In Travel on Thursday 20th Sep, 2018

All hail the King: It’s wildflower time in Perth’s amazing Kings Park

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If you went on a wildflower odyssey in Western Australia, you could see an extraordinary 12,000+ different species – more than 60% of which are found nowhere else on the planet.

But that’s assuming you had the time to explore the whole of this beautiful, enormous state.

In the heart of WA’s capital, however, there’s a much easier way you can see 3,000+ native species of blooming during the wildflower season – simply head to Perth’s spectacular Kings Parkand Botanic Garden, one of the largest inner-city parks in the world.

As it’s wildflower season right now, we wanted to get some inside info – and who better to talk to than someone who’s worked at this beautiful park for 40 years? Grady Brand, senior curator at Kings Park and Botanic Garden, gave us the following fantastic floral facts…

Source: Kings Park and Botanic Garden
Wildflowers in bloom. Source: Jason Thomas/Kings Park and Botanic Garden

What’s the status of the wildflowers in Kings Park right now? 
The wildflowers are currently at the peak of their spring display, with a riot of colour greeting visitors. Kings Park’s spring display will extend until mid-November so there’s plenty to see all season.”

Guided walks and talks are on offer in the park. Source: Jason Thomas/Kings Park and Botanic Garden

What sorts of wildflowers can people expect to see?
The beautiful pink everlasting paper daisies are a favourite for visitors, you can see fields of them in Kings Park. Geraldton wax varieties are looking spectacular at the moment too. The black and green kangaroo paw (Macropidia fuliginosa) is always so striking and a favourite among the staff here. Interestingly it is not an Anigozanthos like all other kangaroo paws, but is closely related to them – within the same family.  It is a monotypic genus, meaning there is only one species within the genus.”

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Fields of pink everlasting daisies. Source: Andrea Russell/Kings Park and Botanic Garden

What’s your personal favourite and why?
My personal favourite changes each day, but at the moment it has to be the black and green kangaroo paw, it’s just so striking.”

Source: Getty
A black and green kangaroo paw. Source: Getty

The Kings Park Festival is running until 30 September – what’s a don’t-miss event happening at the festival between now and the end of the month?
Our ‘Greatest Show on Earth’ photography exhibition is showcasing some of WA’s epic landscapes and beautiful flora and has been extremely popular all month. Of course, the garden displays are always a must-see, they’re just so beautiful at this time of year. A bush walk through the natural banksia woodland in Kings Park is also great, you can book into a ‘Heart of Kings Park’ walk to do this or check out our bushland trails on our website.”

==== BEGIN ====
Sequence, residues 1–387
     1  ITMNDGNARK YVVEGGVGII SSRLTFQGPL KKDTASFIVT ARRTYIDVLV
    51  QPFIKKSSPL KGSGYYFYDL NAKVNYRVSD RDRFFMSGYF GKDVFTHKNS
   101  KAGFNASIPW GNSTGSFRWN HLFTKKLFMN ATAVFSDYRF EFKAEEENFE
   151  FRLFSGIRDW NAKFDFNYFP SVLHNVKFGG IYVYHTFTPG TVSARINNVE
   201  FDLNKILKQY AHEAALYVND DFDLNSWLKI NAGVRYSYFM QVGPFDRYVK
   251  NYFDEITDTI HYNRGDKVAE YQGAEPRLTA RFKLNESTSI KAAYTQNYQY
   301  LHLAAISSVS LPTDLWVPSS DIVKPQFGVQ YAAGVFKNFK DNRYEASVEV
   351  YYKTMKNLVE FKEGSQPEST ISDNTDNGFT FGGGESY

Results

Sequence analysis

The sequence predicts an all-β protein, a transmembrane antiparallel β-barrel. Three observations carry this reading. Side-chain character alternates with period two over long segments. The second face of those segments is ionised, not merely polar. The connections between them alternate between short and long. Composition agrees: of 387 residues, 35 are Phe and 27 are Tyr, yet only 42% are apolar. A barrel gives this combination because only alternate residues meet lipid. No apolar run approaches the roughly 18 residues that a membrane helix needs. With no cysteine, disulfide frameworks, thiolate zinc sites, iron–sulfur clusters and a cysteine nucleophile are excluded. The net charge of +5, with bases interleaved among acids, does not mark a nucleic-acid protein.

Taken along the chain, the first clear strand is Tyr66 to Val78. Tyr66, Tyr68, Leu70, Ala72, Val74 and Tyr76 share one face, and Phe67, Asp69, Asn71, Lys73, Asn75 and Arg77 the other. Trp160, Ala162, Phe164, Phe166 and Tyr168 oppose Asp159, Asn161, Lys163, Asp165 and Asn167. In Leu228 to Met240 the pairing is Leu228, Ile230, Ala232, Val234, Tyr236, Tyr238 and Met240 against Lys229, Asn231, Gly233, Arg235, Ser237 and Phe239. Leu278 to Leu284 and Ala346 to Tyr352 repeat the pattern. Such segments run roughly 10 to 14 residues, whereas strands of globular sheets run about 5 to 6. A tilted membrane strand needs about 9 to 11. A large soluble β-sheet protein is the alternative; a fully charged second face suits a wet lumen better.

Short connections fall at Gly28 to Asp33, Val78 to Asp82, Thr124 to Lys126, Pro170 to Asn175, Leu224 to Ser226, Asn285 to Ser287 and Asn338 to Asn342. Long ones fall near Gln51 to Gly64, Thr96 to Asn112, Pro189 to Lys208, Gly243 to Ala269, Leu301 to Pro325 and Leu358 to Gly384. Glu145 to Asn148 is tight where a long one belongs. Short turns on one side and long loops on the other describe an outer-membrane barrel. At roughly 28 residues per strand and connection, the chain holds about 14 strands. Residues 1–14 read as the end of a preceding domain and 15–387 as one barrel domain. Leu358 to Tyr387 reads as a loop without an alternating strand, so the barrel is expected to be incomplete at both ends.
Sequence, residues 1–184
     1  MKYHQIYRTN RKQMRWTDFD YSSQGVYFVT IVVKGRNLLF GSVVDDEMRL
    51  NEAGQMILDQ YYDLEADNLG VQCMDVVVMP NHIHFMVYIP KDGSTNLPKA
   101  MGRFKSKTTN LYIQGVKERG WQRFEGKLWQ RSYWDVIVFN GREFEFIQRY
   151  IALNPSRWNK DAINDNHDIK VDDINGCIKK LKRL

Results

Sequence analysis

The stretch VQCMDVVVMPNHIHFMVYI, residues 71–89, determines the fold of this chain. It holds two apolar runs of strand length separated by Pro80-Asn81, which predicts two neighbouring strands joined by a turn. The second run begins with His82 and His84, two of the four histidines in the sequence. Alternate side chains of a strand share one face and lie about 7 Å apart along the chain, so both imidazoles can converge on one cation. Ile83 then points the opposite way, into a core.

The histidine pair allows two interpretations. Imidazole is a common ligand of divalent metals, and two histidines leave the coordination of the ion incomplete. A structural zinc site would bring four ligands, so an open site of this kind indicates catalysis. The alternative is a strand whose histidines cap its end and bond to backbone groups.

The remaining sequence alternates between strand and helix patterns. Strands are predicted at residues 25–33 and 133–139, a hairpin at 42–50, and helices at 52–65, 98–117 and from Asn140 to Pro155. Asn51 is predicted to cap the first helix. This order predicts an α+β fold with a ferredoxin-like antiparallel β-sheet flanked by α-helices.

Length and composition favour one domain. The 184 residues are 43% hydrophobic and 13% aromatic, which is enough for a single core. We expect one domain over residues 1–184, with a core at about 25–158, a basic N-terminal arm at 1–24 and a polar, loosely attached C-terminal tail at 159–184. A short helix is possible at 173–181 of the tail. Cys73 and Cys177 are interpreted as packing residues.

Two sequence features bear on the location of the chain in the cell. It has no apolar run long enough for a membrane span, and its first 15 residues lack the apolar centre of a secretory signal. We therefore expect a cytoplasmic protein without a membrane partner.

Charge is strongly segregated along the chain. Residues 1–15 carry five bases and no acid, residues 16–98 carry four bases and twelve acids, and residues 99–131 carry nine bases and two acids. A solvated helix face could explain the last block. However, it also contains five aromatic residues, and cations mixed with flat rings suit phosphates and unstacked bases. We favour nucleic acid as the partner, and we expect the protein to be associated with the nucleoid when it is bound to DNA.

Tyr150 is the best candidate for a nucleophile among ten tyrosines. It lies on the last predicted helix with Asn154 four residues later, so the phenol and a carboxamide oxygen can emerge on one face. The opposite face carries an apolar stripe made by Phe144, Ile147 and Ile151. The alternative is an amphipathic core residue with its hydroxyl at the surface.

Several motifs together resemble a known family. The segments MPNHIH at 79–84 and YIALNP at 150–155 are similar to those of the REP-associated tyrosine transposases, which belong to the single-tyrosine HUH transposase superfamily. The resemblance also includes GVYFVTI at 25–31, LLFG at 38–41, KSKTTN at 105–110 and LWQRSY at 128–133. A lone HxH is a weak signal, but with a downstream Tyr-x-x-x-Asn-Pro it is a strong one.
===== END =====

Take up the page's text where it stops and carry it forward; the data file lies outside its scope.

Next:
The Aspects of Kings Park Gallery Shop. Source: Jason Thomas/Kings Park and Botanic Garden

Where should people go to get the best view while in the park?
“If you’re visiting Kings Park for the first time, make sure you enter via Fraser Avenue. With one of the most breathtaking and significant avenues of trees greeting visitors on entry, Fraser Avenue then opens ups into a panoramic view of Perth city, the Swan River and the Darling Range to the east. This is one of the best places for a first-time visitor to Perth to familiarise themselves with the city.”  

Pink everlasting daisies overlooking Perth. Source: Jody Darcy/Kings Park and Botanic Garden

What are some other spots in and around Perth where the wildflowers are amazing?
The Northern Sandplains between Perth and Geraldton, including the coastal drives to the Pinnacles; and the Darling Range including John Forrest National Park will be at the prime of their flowering for the next month.”

2018 Kings Park Festival. Source: Jason Thomas/Kings Park and Botanic Garden

Are there any dedicated walking routes that show off the wildflowers nearby?
Bold Park in City Beach has some fantastic walking tracks allowing you to see orchids and much more, there are also some excellent walks in the Perth hills including in and around Kalamunda and Mundaring.”

Caladenia latifolia, a.k.a the pink fairy orchid. Source: Jason Thomas/Kings Park and Botanic Garden

What’s something that a visitor needs to know about viewing the wildflowers in WA? 
All Western Australian wildflowers are protected by law and are not allowed to be picked, to ensure future generations are able to enjoy them too. Some wildflowers are poisonous and can cause skin irritations and unless you’re being advised by a well-qualified guide, I would suggest sticking to pathways and taking only photos.”

Wildflowers in bloom at the Kings Park Festival. Source: Andrea Russell/Kings Park and Botanic Garden

What are the best other places around the state to see wildflowers?
“At this moment in time from Kalbarri right through to Esperance, including the Goldfields, will offer a wildflower display from now until late December.”

The red and green kangaroo paw – WA’s state emblem. Source: J Thomas/Kings Park and Botanic Garden

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